It's not often the gods of TV hand you almost exactly what you ask for.
So it's time to praise Comedy Central for trying something different in late night, handing Stephen Colbert's time slot to the guy who plays The Daily Show's "senior black correspondent," Larry Wilmore.
Not only did they break up the long line of white guy hosts in late night TV with this hire, they did it with a show that seems likely to talk a lot about race, gender and social issues. Wilmore's show, The Minority Report, begins in January with a panel of underrepresented voices offering scripted comedy. The idea came from Daily Show host Jon Stewart himself, according to The New York Times.
Given that the time slot was open because its previous occupant, Stephen Colbert, has been tapped to replace David Letterman as host of CBS' flagship late night show, two things are clear.
Stewart has an impressive record of nurturing and launching major comedy talent, including Steve Carrell, Ed Helms, Olivia Munn and John Oliver.
And, quiet as it is kept, Stewart and The Daily Show have also nurtured a diverse crew of performers as correspondents and contributors, including Aasif Mandvi, Al Madrigal, Jessica Williams, Samantha Bee, Sarah Vowell and Kristen Schaal. (And they just hired former Saturday Night Live writer Michael Che.)
Wilmore wasn't among the folks I put on my wishlist of non-white or non-male comics I had hoped might land Colbert's job or Craig Ferguson's gig when he leaves the post-Letterman time slot at CBS in December (Aisha Tyler's still my fave pick there).
But that's only because I had heard Wilmore was going to run a sitcom likely to get picked up by ABC called Black-ish, featuring Anthony Anderson (Transformers, Law & Order) as a successful black man trying to raise his kids with a connection to black culture. Turns out, ABC did pick up the show, and Wilmore won't be able to run it — which is a nice problem to have.
Of course, Wilmore has done a stellar job as Stewart's senior black correspondent — though that joke was a lot funnier when he was the only black person appearing on the show.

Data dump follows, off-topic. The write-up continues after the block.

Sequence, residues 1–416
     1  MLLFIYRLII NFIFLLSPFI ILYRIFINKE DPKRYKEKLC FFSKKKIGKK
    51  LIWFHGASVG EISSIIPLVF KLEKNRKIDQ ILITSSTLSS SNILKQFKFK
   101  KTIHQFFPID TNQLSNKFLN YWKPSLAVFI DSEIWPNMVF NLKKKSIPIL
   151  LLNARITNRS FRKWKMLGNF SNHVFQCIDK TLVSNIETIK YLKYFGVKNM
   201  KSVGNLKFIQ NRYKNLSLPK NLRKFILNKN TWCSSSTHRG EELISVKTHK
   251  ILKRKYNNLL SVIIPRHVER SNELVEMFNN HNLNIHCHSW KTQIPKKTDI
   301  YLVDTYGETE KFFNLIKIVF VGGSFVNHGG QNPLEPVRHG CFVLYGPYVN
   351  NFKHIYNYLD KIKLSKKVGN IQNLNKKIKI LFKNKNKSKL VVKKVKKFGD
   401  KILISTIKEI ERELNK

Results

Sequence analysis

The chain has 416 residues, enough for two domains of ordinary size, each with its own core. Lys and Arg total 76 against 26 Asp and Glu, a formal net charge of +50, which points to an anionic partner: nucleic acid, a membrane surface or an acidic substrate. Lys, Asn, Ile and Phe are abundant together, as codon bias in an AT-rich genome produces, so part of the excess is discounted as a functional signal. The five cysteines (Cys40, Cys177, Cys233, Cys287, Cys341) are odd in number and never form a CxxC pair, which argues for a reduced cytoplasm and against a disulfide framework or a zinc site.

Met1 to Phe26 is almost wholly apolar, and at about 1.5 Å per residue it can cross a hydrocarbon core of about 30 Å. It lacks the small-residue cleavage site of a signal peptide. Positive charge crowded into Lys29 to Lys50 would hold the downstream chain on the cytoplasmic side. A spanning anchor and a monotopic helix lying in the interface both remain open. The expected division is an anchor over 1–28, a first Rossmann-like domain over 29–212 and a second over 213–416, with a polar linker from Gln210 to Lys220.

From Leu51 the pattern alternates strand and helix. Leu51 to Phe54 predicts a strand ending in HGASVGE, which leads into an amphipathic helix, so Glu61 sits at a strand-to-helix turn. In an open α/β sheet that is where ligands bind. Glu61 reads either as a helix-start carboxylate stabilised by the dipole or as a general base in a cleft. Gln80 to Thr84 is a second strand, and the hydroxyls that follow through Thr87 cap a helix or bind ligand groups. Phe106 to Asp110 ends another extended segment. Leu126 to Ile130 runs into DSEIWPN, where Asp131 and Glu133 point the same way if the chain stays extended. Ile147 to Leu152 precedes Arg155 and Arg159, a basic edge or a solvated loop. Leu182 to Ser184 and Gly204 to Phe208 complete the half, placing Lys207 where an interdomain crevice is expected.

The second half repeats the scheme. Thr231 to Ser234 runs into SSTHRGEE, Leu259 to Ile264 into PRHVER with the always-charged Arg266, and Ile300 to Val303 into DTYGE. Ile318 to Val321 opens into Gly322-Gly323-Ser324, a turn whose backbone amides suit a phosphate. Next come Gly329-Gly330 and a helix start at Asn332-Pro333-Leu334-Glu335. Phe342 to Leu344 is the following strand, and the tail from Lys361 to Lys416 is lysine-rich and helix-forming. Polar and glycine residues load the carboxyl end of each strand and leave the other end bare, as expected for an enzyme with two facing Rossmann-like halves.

But he's developed a long and varied career turning humor about race, class and social issues into great comedy content — writing for In Living Color and The Jamie Foxx Show; executive producing The Bernie Mac Show and Eddie Murphy's animated comedy The PJs; creating sidesplitting specials for Showtime and writing a book, I'd Rather We Got Casinos: And Other Black Thoughts.
(My favorite chapter was a list of things that make a black leader, including, "I'm self-appointed," "I'm a reverend with no church," and "when I get angry, white people are afraid of me.")
Back in 2001, way before the advent of groundbreaking, quality TV we have now, I asked Wilmore about why it took so long to get television to reflect the multicultural reality many of us were already living.
"Television doesn't lead society ... Television takes what we know and presents it in a different way," said Wilmore, who was executive producer of The Bernie Mac Show back then (I was interviewing him for the Tampa Bay Times). It's "an echo of the culture more than anything else. So it's smart to use [black-oriented themes] and get them in front of people ... to push the envelope a bit."
Nearly 13 years later, Comedy Central acknowledges that Wilmore's show will do exactly that. The channel's president, Michele Ganeless, said in a statement that the show's mission of offering a panel of voices underrepresented in late night television "follows in the Comedy Central tradition — bringing new perspectives to the day's events and breaking ground in the world of late night television."
Breaking ground by featuring new, underserved voices in TV. Wonder where I've read about that before?
What I love most about this hire — besides the fact that it's a great example of a show nurturing a talented performer/producer of color until he was ready to lead his own show — is that Wilmore isn't just a comic who isn't white.
He's a producer and writer with a long track record of turning comedy about underrepresented cultures into great television.
Because, in the end, real diversity on television isn't just about hiring someone who looks different. It's about hiring someone who will bring an overlooked perspective to a style of television glutted with formulaic approaches and dominated by one type of performer.
Now all he has to do is create a show about this stuff that everyone wants to watch.
Good luck, brother.